“We take this opportunity to discuss our application of the ‘prior offenses' aggravating factor.   First, that factor refers to offenses that have been adjudicated prior to imposition of the sanction in the current case.   Second, the following considerations also are an important part of our analysis:  (1) the relative seriousness of the prior offense and  resulting sanction;  (2) the similarity of the prior offense to the offense in the case at bar;  (3) the number of prior offenses;  (4) the relative recency of the prior offense;  and (5) the timing of the current offense in relation to the prior offense and resulting sanction, specifically, whether the accused lawyer had been sanctioned for the prior offense before engaging in the offense in the case at bar.   Those considerations are important, because they can serve to heighten or diminish the significance of earlier misconduct.”

(Footnote omitted.)

The trial panel relied on one of the Jones criteria-the timing of the current offense-in discounting the seriousness of the letter of admonition.   The Bar issued the letter of reprimand after the accused began to neglect Norris's legal matter.   However, the accused continued his neglectful conduct for approximately five months after his receipt of the Bar's letter of admonition.   The facts demonstrate that the accused chose to pay insufficient heed to the message regarding the lawyer's duty of diligence that the letter of admonition conveyed.   See In re Brandt/Griffin, 331 Or. 113, 148-49, 10 P.3d 906 (2000) (discussing aggravating effect of disregarding recent letter of admonition issued for similar misconduct).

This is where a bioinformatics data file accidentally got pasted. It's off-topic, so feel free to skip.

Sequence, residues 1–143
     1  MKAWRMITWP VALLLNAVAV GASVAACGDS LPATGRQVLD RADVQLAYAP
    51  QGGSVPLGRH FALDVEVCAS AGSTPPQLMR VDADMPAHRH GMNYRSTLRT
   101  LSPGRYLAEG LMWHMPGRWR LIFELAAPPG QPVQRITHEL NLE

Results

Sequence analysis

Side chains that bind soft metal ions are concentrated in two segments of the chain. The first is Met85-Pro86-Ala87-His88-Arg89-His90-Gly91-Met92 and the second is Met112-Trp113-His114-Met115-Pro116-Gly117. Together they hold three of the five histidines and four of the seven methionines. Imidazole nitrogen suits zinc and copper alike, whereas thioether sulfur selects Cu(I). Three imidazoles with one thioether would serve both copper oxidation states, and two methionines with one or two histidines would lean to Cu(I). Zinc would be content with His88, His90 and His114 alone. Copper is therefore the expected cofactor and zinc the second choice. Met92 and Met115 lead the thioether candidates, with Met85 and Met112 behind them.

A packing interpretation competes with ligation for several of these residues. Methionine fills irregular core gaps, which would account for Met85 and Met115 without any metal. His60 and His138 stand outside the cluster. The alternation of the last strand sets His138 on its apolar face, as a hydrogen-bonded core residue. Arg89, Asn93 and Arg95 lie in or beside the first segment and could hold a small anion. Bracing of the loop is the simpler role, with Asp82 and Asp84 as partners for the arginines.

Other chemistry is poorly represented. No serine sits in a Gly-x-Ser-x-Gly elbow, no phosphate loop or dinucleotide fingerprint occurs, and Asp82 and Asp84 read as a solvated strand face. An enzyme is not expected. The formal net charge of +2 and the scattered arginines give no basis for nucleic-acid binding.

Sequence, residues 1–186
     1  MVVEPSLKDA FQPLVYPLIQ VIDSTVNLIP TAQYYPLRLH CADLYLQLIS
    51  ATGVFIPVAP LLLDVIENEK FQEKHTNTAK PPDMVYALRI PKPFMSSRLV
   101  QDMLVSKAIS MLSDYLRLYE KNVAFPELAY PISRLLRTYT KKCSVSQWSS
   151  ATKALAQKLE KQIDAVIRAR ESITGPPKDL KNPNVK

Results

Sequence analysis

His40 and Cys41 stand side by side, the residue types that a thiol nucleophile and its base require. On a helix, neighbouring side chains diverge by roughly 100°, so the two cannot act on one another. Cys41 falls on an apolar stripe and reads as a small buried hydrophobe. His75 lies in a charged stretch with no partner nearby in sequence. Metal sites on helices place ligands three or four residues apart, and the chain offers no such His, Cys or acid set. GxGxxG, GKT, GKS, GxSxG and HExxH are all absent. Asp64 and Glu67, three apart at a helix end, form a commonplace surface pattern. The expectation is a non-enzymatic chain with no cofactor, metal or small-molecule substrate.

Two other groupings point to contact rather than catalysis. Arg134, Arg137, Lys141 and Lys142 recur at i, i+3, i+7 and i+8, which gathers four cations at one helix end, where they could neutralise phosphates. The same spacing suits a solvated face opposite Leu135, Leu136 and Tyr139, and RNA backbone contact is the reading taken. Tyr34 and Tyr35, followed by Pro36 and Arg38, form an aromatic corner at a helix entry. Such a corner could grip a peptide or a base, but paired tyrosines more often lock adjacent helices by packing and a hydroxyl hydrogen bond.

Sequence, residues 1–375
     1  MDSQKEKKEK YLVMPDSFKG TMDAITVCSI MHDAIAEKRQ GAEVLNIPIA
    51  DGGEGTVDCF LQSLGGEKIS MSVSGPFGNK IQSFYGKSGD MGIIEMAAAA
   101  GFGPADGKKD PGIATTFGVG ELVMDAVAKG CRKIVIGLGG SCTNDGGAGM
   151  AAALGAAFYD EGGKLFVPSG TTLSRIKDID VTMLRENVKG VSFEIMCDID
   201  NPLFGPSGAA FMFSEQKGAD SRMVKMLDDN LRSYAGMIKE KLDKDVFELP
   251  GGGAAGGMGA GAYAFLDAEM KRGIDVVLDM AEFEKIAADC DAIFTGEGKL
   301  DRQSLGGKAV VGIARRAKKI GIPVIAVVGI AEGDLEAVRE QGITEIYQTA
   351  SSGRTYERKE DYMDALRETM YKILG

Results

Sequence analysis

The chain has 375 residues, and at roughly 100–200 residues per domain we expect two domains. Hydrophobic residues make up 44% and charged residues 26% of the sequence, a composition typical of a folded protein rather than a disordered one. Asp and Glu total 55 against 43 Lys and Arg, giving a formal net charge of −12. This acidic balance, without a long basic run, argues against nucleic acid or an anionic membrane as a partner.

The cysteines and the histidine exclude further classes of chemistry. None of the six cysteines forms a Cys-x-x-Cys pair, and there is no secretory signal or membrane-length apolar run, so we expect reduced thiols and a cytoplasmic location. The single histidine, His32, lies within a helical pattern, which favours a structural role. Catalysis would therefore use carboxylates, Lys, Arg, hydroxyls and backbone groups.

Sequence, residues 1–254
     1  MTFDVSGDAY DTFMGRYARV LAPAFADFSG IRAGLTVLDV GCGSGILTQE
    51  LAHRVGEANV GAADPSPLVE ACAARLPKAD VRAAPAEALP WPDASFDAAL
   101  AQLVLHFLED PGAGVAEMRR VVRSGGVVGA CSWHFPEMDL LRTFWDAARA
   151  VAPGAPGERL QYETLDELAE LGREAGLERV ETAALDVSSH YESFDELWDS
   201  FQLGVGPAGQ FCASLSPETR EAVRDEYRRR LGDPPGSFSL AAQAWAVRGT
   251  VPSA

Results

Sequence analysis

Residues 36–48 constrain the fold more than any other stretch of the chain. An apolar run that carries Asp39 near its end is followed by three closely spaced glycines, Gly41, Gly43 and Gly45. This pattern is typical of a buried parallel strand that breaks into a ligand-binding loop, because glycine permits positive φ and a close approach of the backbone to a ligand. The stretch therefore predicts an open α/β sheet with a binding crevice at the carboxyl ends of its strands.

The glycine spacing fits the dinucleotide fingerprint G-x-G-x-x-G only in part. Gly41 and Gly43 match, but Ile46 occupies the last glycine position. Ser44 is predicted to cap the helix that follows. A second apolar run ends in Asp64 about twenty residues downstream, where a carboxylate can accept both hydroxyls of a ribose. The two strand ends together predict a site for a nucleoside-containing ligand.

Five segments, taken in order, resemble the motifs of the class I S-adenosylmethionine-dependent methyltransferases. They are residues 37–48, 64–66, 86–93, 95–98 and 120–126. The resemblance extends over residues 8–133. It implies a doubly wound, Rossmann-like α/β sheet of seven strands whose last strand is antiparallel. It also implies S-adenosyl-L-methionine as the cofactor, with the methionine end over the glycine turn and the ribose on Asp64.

Following the construct described in Jones, we note that the accused's prior misconduct was moderately serious and resulted in a letter of admonition.   The letter of admonition involved misconduct similar to that involved here, is the accused's only instance of prior misconduct, and concerned relatively recent misconduct by the accused.   We conclude, on the basis of our consideration of the Jones criteria, that the letter of admonition constitutes evidence of misconduct that heightens, at least to a moderate degree, the significance of the accused's neglect of Norris's case.

 The mitigating factors include cooperation with the Bar, the imposition of other penalties (in the form of a $15,000 malpractice settlement), and genuine remorse.   ABA Standards 9.32(e), (k), and (l ).   In this instance, we conclude that the aggravating and mitigating factors are in equipoise.    Preliminarily, our consideration of the ABA Standards indicates that a suspension is appropriate.